Assertive body language makes people feel confident. It suggests an understanding of the situation and knowledge of what is wanted:
Eye contact: direct
Facial expression: responsive
How can I use this information to become more confident and assertive?
In difficult situations there are a few things you can learn to assert and protect yourself.
Before you meet, you can practise what you want to say and how you will say it. Role play with someone you know well, or just try it out by yourself. While you rehearse, stand or sit with a strong, open and upright posture. Even when you are on the telephone you might find that standing gives you a feeling of power.
It is important to allow the other person time to speak without interruption, listening carefully to what they have to say. Try to understand them, express yourself clearly and then try to come up with ideas which consider both of your feelings.
Try the following:
Use eye contact, but if this is difficult you could try looking at the bridge of the other person’s nose
Be aware of your body posture, stand or sit upright
Don’t use too many gestures
Make sure your tone of voice is even and clear, and speak at a slow and steady pace
Use specific speech
Own your emotions and use “I” statements, such as, “I feel upset that...” instead of “You make me feel...” as this blames others.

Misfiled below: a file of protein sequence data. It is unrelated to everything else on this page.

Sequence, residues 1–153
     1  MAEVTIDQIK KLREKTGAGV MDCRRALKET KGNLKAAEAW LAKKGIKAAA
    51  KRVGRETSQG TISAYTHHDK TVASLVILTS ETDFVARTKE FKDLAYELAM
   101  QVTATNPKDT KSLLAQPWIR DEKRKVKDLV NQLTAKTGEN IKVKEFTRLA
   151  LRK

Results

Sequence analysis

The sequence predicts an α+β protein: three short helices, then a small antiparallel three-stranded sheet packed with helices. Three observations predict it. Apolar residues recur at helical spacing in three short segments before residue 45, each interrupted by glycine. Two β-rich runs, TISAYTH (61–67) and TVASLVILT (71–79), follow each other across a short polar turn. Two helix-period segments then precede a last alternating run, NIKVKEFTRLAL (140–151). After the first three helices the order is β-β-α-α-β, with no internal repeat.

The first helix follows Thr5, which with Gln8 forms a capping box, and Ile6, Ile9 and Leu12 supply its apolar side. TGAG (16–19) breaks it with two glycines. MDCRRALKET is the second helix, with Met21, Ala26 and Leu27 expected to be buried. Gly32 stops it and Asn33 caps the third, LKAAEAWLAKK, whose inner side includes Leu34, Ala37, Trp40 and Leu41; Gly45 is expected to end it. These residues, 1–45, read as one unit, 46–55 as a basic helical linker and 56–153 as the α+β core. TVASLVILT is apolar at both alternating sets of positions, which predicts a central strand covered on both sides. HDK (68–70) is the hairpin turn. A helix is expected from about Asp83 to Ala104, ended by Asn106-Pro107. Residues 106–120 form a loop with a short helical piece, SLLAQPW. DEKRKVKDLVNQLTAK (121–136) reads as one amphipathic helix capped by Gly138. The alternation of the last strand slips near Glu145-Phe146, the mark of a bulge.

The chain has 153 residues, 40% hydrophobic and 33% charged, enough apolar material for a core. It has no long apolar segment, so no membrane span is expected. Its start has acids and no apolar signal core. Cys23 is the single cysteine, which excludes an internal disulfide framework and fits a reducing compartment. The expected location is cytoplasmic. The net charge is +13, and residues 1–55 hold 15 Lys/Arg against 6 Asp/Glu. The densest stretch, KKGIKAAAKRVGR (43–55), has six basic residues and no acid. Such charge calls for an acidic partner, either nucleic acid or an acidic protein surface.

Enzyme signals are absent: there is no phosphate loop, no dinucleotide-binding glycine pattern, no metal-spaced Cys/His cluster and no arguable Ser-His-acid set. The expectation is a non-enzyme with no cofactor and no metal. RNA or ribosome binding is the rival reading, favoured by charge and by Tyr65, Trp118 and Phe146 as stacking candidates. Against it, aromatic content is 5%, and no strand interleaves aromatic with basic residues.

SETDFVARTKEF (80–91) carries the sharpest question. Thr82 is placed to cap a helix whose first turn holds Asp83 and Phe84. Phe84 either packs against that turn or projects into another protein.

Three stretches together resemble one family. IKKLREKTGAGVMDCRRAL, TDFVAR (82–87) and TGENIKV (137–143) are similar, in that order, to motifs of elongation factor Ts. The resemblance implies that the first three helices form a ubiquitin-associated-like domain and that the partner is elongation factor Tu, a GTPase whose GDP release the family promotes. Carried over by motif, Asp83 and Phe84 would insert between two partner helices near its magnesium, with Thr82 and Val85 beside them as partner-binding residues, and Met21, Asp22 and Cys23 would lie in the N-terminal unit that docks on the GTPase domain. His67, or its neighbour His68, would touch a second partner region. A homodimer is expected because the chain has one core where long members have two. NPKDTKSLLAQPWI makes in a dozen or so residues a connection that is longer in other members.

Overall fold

Pause whenever you need to, giving yourself time to think, and breathe!
Other people have a right to a point of view, so consider saying something like this when you respond, “I can hear/see that you.........., however, ............”
Remember you don’t always need to win. Express your needs, speak your truth, and if the person is still being aggressive then walk away.
As well as rehearsing assertive practice, you can reinforce these positive feelings in self-hypnosis. Use the techniques in the ‘self-hypnosis’ section and visualise yourself using all of the assertive behaviours. Imagine the other person and the scene as clearly as you can, seeing the room, the details, the colours and so on, and make the image bright and expand it, then drift into that body and really feel the positive feelings, experience the assertive posture.
If you find it difficult to see yourself behaving assertively, then picture someone you admire behaving assertively in that situation (friend, colleague, actor, celebrity). Imagine yourself stepping into that person. Feel yourself filling their body and take on their assertive posture. Allow yourself to really experience the positive feelings and imagine behaving in this way. Then you can absorb those assertive feelings and bring them back with you as you step back into yourself.
By rehearsing, visualising, and practising assertive behaviour, you will find that it will soon come easily and naturally. You will also begin to notice the physical and emotional benefits of expressing yourself calmly and clearly. It is as important to be heard as it is to listen and assertiveness allows you to connect with your truth, respecting yourself and others.
Some information gathered from LCCH